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Family holds out hope for safe return of murdered Detroit mother’s missing children

Alicia Fox’s family continues to search for Kaylah and Kristian

SOUTHFIELD, Mich. – The family of a Detroit mother who was murdered more than five years ago is holding out hope that her two missing children will return home.

Family members said tips are coming in from around the country, but years after Kaylah and Kristian disappeared, there’s still no sign of what happened to them. Loved ones hope by continuing to share their story, someone who knows what happened to the children will come forward.

June 5, 2014, was kindergarten graduation for Kaylah at Bradford Academy in Southfield. It was a day the whole family had been waiting for.

“Everyone was excited for her to graduate,” Kaylah’s aunt, Christene Doughty, said. “Her mom was so excited. She even got her a custom cap and gown made.”

When Alicia Fox, Kaylah and 7-month-old Kristian didn’t show up, family members went looking for them at the last place they’d been seen: their house in the 18000 block of Ardmore Street near West Seven Mile Road and the Lodge Freeway in Detroit.

“It was completely empty,” Doughty said. “There was no car in the driveway.”

She said she found an open window and peeked inside.

“I could see only into the window in the kitchen, where you can see the dining room and part of the living area, where she usually has her pictures and coffee table,” Doughty said. “It was empty. There was nothing there besides a bottle of bleach in the kitchen. To be honest with you, I was pretty confused, so my mind wanted me to believe that maybe she did move and was going through a phase and didn’t want anyone to know."

“But was that like her?” Local 4′s Sandra Ali asked.

“No, it wasn’t,” Doughty said. “It wasn’t like her at all.”

When Detroit police showed up to investigate, family members entered the house with officers.

“We went in and there was no furniture,” Doughty said. “It was cleaned from top to bottom. It was completely clean. At that point, I did believe that something bad happened.

“When I walked upstairs, I got chills. (It was) like going into a haunted house. You know how you get that anxiety? You know, you just feel weird. I had that feeling when I went up to that bedroom, so I immediately left.”

Then, she said something told her to check the house next door.

“There was a bottle of bleach in the living room of the abandoned house next door,” Doughty said.

All of Fox’s clothes, candles and pictures of her children were later recovered in a church donation bin not far from the home.

On June 19, two weeks after the family disappeared, Fox’s body was discovered inside an abandoned house on Penrod Street.

“We get to the basement and there’s a door with a blue tarp underneath it,” Doughty said. “So my uncle lifts the door up and her body’s in the tarp. I could tell it was her. Her head was covered with a black garbage bag. Something black, it was covered with, and it looked as if he tried to cut her legs off. But I could tell it was her because she had a favorite pair of purple basketball shorts and she had those on.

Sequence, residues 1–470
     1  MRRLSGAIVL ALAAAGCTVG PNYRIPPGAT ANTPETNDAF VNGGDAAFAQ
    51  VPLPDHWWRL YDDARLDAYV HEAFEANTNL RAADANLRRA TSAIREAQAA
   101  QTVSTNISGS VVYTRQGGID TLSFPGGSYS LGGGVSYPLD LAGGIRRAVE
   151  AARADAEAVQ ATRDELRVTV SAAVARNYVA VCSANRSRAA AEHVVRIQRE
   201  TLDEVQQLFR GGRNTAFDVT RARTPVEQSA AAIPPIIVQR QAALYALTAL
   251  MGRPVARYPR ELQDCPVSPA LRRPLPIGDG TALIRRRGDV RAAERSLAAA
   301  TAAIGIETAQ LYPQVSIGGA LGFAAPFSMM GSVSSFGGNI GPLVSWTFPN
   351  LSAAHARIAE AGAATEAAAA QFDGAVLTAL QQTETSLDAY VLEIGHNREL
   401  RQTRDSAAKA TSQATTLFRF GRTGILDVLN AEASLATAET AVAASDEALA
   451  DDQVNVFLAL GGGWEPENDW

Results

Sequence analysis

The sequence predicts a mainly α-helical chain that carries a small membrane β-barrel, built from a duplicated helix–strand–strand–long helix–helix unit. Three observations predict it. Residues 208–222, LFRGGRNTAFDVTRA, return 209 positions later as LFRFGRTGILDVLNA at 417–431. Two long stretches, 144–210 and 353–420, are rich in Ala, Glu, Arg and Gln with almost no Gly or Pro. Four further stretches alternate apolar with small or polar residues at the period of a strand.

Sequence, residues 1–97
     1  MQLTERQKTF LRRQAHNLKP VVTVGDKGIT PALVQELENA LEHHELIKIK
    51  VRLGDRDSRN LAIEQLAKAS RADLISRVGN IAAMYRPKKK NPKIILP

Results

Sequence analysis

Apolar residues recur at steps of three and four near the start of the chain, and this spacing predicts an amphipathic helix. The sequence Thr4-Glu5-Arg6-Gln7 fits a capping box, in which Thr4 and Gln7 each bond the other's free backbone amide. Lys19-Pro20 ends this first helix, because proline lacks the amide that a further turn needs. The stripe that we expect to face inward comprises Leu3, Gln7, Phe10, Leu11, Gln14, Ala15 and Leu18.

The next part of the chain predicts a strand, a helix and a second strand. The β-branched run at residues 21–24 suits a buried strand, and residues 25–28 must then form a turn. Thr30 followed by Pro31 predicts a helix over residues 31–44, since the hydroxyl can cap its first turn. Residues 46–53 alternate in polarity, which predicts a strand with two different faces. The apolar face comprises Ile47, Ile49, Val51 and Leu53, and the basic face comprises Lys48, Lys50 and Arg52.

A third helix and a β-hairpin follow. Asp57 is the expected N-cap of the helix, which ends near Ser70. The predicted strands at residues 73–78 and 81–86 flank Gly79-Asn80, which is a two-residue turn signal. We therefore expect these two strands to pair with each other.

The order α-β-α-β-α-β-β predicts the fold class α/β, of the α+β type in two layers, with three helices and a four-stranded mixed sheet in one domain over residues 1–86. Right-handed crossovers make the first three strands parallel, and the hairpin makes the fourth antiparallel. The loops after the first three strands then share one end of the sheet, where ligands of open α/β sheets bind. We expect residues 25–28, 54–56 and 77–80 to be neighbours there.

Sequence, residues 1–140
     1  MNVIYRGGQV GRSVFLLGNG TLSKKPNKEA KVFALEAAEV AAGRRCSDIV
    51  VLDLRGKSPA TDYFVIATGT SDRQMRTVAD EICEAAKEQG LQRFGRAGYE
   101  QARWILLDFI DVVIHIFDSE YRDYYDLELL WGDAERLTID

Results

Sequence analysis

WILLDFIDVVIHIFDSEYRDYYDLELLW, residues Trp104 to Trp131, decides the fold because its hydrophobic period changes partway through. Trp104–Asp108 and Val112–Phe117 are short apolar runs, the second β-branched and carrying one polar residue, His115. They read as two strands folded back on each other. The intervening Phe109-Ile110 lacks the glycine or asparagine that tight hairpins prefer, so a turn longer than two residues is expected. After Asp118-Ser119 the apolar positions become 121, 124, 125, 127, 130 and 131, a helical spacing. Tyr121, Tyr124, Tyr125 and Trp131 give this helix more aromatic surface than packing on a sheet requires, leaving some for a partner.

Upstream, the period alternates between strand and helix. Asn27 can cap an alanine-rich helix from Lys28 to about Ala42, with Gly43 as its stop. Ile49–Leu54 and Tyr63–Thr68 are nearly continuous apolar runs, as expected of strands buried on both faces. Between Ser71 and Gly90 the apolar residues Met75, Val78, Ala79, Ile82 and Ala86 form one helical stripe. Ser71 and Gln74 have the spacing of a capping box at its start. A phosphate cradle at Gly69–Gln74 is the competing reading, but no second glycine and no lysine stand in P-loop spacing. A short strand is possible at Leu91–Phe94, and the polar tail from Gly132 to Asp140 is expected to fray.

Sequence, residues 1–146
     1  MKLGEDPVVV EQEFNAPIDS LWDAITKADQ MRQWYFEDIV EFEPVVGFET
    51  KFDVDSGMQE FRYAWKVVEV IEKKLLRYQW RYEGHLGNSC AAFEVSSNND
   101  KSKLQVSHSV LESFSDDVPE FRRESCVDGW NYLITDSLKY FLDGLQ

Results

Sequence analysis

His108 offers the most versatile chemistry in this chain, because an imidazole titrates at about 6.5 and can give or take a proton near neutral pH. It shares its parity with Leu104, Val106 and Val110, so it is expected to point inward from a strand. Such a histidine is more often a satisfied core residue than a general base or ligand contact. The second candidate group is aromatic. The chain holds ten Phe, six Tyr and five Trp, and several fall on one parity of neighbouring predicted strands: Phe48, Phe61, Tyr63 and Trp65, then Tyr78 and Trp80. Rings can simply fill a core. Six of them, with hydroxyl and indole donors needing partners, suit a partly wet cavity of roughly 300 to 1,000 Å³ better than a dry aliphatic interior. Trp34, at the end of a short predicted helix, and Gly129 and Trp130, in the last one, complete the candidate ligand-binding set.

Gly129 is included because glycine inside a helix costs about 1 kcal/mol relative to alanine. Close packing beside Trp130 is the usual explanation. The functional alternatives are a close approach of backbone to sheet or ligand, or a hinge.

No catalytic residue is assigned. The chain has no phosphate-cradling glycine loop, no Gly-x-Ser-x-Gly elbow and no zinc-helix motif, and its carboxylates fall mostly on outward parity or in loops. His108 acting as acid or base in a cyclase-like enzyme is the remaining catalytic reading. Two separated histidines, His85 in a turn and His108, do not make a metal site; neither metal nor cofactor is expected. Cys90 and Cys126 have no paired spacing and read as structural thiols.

“I’d never imagined that I would lose her, but especially in that way. I was in complete disbelief. I couldn’t believe it at all, and even when they confirmed it was her, I said, ‘No, that’s not her.’ After that, I just immediately thought, ‘Where is Kaylah and Kristian?’”

Fox’s family believes she was having problems in her marriage. They suspect her husband, Erin Justice, killed her.

“I do believe that she asked him for a divorce because he had a history of infidelity,” Doughty said. “I believe she asked for a divorce and he snapped.”

Justice later confessed to killing Fox and pleaded guilty. He’s serving time for murder.

“I believe that he killed Alisha and he has family or friends somewhere helping him hide the children,” Doughty said. “The reason I believe that is because we have recovered all of Alisha’s belongings -- clothes, personal items, all of that. We have not one item of the kids’ -- not their bedroom furniture, their clothes, toys, anything. He took all of it.”

Fox’s family believes the children are still out there somewhere.

“Right now he has leverage by withholding where the kids are,” Doughty said. “I believe that he thinks if he tells where they are that he doesn’t have anything after that. He thinks that he has power over my family. The way the timeline is set up, the evidence shows he’s the last person to see the kids alive. They were with him."

Fox’s family members said not knowing is the hardest part.

“It really hurts,” Doughty said. “It’s a wound that doesn’t heal. When someone passes on, you know where they area. You know that you just need to grieve, but in a situation like this, you don’t know. Every day, I think about it. When I start to think about it, I just start praying. I ask God to protect them, wherever they are, encourage them, and I pray that they’re not being neglected. That’s the only way I can get through.”

The reward for information in connection with the case is up to $3,000. The family set up a Facebook page called Bring Home Kaylah and Kristian, where they continue to get tips.


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